No matter how you dress it up, this is a hard book to read. Mainly because hindsight is 20/20 and we know what a travesty the Nazi years truly were to the German-Jewish people. Today, more than ever, reading Klemperer’s journals are valuable lessons in fortitude, courage, and grace. Despite everything he remained committed to documenting his world around him…even as it slowly fell apart. I see similarities to modern day America. At first the indignity was small, a blip: the loss of admittance to his library’s reading room. No Jews allowed. Then, the indignities became too big to ignore – the loss of his teaching position at the university, then use of the beloved automobile, then they had to move from their new dream house. Every creature comfort was slowly stripped away. His typewriter, tobacco, even new socks. Can you imagine smoking blackberry tea or filling an application for used socks? What is so admirable is, in the face of all this humility, Klemperer still recognized and drew attention to the civility his enemy occasionally displayed.
From the very beginning, although he was only 52 years of age at the start of I Will Bear Witness, Klemperer was convinced he had not long to live. He made comments like, “I no longer think about tomorrow” (p 15), and “My heart cannot bear all this misery much longer” (p 17). He was sure his heart would give out any day. It was if each passing birthday came as a shock to him because he could see the future of Germany’s political landscape. How would he survive it? Yet, every day he strove to improve his life and that of his wife of 45 years. Buying land, building a house, learning to drive a car, taking Eva to her beloved flower shows, keeping a diary and continuing to write throughout it all. These are the little triumphs of Klemperer’s life.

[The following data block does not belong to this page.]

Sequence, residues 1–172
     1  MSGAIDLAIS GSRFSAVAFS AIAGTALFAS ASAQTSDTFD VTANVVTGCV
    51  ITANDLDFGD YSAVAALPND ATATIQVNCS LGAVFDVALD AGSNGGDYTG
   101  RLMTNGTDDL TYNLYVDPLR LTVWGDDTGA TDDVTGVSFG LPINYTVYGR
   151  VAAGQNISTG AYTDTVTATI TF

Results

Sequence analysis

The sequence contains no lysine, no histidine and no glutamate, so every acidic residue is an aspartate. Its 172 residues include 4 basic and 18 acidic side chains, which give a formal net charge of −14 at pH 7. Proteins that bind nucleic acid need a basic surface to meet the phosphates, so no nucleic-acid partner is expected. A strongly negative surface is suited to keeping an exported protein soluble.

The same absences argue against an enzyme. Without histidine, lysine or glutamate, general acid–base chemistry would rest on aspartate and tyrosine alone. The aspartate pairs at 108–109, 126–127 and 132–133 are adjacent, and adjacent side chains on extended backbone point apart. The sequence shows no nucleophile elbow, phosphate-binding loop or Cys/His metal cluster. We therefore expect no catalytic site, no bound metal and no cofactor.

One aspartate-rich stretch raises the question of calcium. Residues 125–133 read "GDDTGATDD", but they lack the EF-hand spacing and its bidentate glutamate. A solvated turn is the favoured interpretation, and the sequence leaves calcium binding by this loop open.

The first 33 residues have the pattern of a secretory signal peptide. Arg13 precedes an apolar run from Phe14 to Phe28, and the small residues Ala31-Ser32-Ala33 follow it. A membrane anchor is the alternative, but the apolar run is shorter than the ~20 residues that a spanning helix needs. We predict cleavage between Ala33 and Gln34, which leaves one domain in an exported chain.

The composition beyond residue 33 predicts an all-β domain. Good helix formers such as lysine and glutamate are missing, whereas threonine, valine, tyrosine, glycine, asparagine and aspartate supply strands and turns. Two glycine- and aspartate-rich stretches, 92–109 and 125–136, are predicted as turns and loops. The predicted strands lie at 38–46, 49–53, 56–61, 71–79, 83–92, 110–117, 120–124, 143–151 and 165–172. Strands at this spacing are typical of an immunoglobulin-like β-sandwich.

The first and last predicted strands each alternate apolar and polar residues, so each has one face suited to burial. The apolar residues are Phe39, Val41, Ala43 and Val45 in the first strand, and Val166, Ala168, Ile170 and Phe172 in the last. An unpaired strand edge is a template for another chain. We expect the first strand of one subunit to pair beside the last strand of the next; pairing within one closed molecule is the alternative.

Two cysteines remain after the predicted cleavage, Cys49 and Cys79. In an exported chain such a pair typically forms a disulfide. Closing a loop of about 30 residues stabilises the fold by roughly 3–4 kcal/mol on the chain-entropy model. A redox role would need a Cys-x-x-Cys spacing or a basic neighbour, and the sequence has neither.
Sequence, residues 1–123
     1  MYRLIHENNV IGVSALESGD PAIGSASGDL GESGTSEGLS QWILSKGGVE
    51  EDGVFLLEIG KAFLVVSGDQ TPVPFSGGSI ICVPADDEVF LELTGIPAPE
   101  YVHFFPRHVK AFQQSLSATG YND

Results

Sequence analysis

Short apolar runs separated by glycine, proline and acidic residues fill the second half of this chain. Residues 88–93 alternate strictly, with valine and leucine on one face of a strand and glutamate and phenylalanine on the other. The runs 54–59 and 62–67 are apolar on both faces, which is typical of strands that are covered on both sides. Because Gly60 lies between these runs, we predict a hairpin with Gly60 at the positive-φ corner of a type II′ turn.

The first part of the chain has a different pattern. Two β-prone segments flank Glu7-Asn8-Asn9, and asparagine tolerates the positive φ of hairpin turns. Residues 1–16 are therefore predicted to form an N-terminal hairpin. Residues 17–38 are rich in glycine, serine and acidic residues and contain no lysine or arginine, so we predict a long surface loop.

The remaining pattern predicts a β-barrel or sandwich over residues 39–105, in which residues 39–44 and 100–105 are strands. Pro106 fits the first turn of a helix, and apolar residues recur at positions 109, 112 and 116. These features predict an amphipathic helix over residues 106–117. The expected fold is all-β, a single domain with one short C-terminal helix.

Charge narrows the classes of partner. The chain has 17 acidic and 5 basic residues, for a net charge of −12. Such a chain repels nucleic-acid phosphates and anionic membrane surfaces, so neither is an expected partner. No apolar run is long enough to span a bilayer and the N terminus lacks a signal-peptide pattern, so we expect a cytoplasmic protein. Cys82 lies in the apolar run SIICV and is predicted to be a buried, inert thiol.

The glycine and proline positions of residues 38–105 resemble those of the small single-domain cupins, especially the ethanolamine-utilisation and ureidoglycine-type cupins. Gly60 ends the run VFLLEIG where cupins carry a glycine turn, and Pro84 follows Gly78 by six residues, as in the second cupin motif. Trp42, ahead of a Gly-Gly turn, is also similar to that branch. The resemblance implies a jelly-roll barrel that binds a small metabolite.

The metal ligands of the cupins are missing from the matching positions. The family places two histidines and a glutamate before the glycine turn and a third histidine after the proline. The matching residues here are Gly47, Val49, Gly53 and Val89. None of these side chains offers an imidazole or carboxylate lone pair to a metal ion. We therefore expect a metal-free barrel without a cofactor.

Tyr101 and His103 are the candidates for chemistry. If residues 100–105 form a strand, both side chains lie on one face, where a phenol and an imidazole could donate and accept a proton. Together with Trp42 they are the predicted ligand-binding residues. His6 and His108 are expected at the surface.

Confessional: Because his sentences were so choppy, it took me some time to get into the rhythm of his words.
Favorite line, “The man is a blinkered fanatic” (p 41). One guess who he was talking about! Another line I have to mention, “I do not know whether history is racing ahead or standing still” (p 79). This, after Hindenburg’s death. The magnitude of the implications! One last quote to quote, “It cannot be helped, one cannot live normally in an abnormal time” (p 227).
Author fact: In the end Klemperer’s heart did betray him. He died of a heart attack in 1960 when he was 79 years old.
Book trivia: This is truly trivia, but I love, love, love the photograph of Eva and Victor Klemperer on the spine of I Will Bear Witness. Both are standing behind their beloved automobile with smiles on their faces. Victor is hunched in such a way he actually appears to be laughing. He has an impish look on his face.
Nancy said: Klemperer was “one of the best observers whose records we have of those terrible, and ordinary, years inside Germany” (p 131).
BookLust Twist: from More Book Lust in the chapter called “Journals and Letters: We Are All Voyeurs at Heart” (p 130).
Hardy, Justine. In the Valley of Mist: Kashmir: One Family in a Changing World. New York: Free Press, 2009.
Reason read: the Kashmir earthquake of 2005 happened in October.